A mother and daughter relive their memories of 20th-Century Russian history through its food...
Born in a surreal Moscow communal apartment where eighteen families shared one kitchen, Anya von Bremzen grew up singing odes to Lenin, black-marketeering Juicy Fruit gum at school, and longing for a taste of the mythical West. It was a life by turns absurd, drab, naively joyous, melancholy and, finally, intolerable. In 1974, when Anya was ten, she and her mother fled to the USA, with no winter coats and no right of return. These days, Anya is the doyenne of high-end food writing. And yet, the flavour of Soviet kolbasa, like Proust's madeleine, transports her back to that vanished Atlantis known as the USSR .
In this sweeping, tragicomic memoir, Anya recreates seven decades of the Soviet experience through cooking and food, and reconstructs a moving family history spanning three generations. Her narrative is embedded in a larger historical epic: Lenin's bloody grain requisitioning, World War II starvation, Stalin's table manners, Khrushchev's kitchen debates, Gorbachev's disastrous anti-alcohol policies and the ultimate collapse of the USSR. And all of this is bound together by Anya's sardonic wit, passionate nostalgia and piercing observations. Mastering the Art of Soviet Cooking is a book that stirs the soul as well as the senses.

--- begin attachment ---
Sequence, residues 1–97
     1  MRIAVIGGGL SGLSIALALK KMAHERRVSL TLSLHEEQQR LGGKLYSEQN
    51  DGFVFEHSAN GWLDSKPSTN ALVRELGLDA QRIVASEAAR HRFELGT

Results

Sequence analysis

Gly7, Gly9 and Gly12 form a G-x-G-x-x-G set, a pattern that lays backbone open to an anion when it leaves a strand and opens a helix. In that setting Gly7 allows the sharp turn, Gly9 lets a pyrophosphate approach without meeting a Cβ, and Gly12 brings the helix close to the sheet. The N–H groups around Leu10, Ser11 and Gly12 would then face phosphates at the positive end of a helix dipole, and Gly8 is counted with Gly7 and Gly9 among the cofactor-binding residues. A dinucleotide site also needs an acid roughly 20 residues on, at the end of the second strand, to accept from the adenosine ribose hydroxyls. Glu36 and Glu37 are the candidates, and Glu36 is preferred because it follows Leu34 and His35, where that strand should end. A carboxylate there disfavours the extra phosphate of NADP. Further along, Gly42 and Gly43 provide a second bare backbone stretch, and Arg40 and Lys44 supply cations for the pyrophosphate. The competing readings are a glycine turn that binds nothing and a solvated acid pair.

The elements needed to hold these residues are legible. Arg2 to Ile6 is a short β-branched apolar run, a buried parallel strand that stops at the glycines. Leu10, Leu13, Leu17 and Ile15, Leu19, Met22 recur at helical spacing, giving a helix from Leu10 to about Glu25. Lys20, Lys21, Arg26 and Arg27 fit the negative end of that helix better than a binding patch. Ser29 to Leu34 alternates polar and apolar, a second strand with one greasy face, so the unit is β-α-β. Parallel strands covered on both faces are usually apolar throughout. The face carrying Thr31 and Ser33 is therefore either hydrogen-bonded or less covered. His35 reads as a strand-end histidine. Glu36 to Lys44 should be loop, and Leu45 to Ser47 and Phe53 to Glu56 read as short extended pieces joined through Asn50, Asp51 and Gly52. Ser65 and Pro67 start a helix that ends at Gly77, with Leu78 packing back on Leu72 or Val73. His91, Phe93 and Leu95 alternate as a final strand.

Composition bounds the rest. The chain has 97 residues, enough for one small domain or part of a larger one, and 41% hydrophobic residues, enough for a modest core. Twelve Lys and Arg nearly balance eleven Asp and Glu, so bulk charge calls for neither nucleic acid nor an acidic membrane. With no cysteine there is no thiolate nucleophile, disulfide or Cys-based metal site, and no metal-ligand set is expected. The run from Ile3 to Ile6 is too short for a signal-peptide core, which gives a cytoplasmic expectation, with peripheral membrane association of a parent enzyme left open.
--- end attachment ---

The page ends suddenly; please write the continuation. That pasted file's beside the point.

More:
About the Author
As a child in the Soviet Union, Anya von Bremzen was the granddaughter of the former head of Naval intelligence, and thus a bona fide member of the nomenklatura. She was also the daughter of a disaffected dissident, a child actress and a piano prodigy. Then, because of political repression, she and her mother fled to America and Anya reinvented herself as one of the most accomplished food writers of her generation: the author of five acclaimed cookbooks, the recipient of three James Beard awards, and a contributing editor at Travel + Leisure magazine. She divides her time between New York City and Istanbul.
Number Of Pages: 320
Published: 12th September 2013